Updated June 5, 2013: Perspectives on Psychological Science has received a wonderful response to the call for proposals to participate in its first Registered Replication Report Project. The deadline for proposals to participate in the project based on Schooler and Engstler-Schooler (1990) is Tuesday, June 11, 2013. We expect to announce additional projects this summer.
Just two months after APS launched a new initiative aimed at promoting and publishing replication studies, the first protocol has been finalized and editors are accepting proposals from researchers who would like to contribute an independent replication to the project.
In March, Perspectives on Psychological Science announced an innovative plan to oversee and publish multi-center replications of important psychological studies. In this initiative, the journal editors bring interested researchers together with the authors of an influential original study to design a protocol that accurately and directly replicates the original finding. Multiple laboratories then conduct their own independent studies following the approved protocol, and the results from all of these separate studies will be published together as a single Registered Replication Report in Perspectives. All approved replication attempts will be published, regardless of outcome, to provide a precise estimate of the size of the effect – one that is free from the bias against negative results that can occur in traditional article formats.
The first protocol has now been designed, vetted, and made publicly available, so researchers can submit their own proposals to join the replication effort. The project will replicate a 1990 study by Jonathan Schooler and Tonya Engstler-Schooler that first reported the verbal overshadowing effect. According to this effect, verbally describing a previously seen item (in this study, a face) actually impairs later recognition of that item, countering the traditional idea that more memory rehearsal leads to better memory performance. The finding has both theoretical and practical significance, especially for the accuracy of eyewitness recollection; however, despite the more than 500 citations the original article has garnered, doubt remains about the size and robustness of the effect. Adding to this uncertainty is Schooler’s widely reported finding of decreasing effect sizes in each of his own repetitions of the study, making this experiment particularly well-suited for a standardized, multi-center replication that can more precisely estimate the real population effect size for this important finding.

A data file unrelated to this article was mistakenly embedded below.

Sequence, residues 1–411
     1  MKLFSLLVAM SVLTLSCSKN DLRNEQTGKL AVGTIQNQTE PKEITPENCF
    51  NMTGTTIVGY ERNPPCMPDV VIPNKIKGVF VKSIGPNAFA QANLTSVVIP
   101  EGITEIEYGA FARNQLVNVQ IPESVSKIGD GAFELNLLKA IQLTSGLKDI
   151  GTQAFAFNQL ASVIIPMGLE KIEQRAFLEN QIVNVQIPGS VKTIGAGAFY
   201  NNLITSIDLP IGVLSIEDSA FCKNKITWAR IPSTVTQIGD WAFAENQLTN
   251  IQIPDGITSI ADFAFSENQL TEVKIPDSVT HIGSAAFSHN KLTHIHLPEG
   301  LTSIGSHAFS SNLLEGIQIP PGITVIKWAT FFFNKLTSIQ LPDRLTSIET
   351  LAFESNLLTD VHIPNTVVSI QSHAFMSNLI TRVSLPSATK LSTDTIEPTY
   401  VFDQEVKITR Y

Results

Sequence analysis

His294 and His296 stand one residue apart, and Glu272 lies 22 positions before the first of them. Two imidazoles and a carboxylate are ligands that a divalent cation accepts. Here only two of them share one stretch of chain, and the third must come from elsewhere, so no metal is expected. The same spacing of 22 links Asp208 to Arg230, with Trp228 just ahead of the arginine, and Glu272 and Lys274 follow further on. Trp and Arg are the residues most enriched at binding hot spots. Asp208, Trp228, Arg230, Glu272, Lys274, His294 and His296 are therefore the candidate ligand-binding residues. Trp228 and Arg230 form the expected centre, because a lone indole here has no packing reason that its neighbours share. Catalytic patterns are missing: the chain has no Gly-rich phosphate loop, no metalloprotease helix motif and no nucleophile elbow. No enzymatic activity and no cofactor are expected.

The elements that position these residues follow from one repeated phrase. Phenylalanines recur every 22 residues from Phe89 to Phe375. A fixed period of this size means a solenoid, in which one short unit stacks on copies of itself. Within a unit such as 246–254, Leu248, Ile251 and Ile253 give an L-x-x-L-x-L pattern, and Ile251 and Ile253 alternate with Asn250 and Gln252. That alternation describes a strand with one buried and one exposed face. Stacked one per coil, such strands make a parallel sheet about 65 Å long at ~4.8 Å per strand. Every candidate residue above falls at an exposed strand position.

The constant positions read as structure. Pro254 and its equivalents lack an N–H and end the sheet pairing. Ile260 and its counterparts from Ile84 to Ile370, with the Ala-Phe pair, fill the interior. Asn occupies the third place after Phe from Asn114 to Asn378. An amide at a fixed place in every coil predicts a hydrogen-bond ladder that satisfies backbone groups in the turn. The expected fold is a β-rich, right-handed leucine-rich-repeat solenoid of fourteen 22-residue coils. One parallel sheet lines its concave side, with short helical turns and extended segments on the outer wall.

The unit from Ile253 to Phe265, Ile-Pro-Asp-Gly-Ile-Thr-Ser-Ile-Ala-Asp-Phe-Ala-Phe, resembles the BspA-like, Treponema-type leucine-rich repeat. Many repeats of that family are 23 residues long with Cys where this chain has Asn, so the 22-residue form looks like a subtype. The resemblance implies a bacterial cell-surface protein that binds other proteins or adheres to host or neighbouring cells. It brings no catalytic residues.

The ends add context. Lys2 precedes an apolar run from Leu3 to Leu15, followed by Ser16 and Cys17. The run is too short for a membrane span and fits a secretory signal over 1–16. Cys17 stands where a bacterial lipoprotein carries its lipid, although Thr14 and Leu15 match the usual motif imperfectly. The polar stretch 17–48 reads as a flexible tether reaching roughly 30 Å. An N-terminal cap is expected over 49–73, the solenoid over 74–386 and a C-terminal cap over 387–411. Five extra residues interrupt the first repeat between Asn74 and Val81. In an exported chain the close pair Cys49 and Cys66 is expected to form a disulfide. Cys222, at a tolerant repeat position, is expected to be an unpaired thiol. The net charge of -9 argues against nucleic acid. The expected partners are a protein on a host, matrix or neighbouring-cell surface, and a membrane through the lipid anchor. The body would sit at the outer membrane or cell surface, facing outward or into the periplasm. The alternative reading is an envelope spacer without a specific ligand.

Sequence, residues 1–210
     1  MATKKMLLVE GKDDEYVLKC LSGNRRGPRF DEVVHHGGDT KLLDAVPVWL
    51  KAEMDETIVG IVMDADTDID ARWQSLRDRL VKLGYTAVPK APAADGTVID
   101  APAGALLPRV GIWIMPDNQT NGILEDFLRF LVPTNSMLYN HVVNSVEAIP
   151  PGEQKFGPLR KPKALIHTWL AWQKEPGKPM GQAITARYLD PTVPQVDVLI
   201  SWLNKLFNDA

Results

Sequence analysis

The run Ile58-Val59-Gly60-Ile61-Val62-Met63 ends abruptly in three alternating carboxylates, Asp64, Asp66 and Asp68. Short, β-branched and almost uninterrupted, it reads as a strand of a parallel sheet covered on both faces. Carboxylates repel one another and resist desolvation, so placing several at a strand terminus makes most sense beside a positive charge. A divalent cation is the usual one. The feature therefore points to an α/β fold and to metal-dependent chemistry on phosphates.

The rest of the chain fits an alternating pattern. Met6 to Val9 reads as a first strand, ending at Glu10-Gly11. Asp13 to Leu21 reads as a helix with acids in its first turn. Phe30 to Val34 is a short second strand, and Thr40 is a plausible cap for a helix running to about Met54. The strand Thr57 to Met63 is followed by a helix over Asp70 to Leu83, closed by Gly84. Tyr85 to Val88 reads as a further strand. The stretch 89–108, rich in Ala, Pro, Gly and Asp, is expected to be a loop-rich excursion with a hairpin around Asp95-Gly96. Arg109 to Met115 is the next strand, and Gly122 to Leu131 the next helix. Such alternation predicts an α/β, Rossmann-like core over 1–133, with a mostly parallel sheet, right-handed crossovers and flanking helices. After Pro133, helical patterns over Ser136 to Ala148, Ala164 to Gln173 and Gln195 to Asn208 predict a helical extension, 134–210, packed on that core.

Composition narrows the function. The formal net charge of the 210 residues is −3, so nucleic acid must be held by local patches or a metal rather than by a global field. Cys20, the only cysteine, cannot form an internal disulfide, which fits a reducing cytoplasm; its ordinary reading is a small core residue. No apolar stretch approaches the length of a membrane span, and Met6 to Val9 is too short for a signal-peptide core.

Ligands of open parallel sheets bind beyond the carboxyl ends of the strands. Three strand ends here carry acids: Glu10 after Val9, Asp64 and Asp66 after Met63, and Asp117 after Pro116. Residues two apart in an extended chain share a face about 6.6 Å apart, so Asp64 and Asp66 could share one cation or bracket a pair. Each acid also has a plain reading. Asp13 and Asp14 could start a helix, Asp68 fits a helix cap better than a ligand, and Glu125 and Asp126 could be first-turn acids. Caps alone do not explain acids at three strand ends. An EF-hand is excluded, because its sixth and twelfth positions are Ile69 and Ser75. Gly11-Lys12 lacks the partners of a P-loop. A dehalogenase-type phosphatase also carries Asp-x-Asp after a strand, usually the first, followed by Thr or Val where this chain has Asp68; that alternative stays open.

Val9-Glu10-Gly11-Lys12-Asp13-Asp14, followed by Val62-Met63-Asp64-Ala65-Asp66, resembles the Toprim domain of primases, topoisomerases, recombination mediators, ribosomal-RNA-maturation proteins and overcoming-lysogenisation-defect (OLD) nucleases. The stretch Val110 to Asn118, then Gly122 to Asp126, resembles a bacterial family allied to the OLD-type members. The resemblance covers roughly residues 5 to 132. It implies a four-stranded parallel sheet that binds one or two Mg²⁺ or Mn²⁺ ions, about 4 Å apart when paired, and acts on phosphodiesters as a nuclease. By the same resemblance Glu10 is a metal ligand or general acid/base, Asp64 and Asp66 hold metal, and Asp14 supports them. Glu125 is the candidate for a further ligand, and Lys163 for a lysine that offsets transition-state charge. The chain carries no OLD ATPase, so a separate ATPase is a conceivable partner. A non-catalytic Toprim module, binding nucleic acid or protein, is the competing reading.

Researchers interested in joining this replication project are encouraged to complete and submit a Secondary Replication Proposal Form. Replication report editors Daniel J. Simons and Alex O. Holcombe as well as Perspectives editor Barbara A. Spellman will review proposals to ensure that the replication will adhere to the approved protocol. Once a proposal has been accepted, replicators will be given instructions and a timeline for completing their experiments and submitting their results.
Deadlines for submitting Secondary Replication Proposals and replication results will be posted on the Ongoing Replication Projects page, and you can find more information on the project’s page on Open Science Framework.
We hope researchers in the community will apply to participate in this exciting new project and be a part of the first APS Registered Replication Report in Perspectives on Psychological Science.
Don’t miss the “Building a Better Psychological Science: Good Data Practices and Replicability” theme program at the APS 25th Annual Convention!
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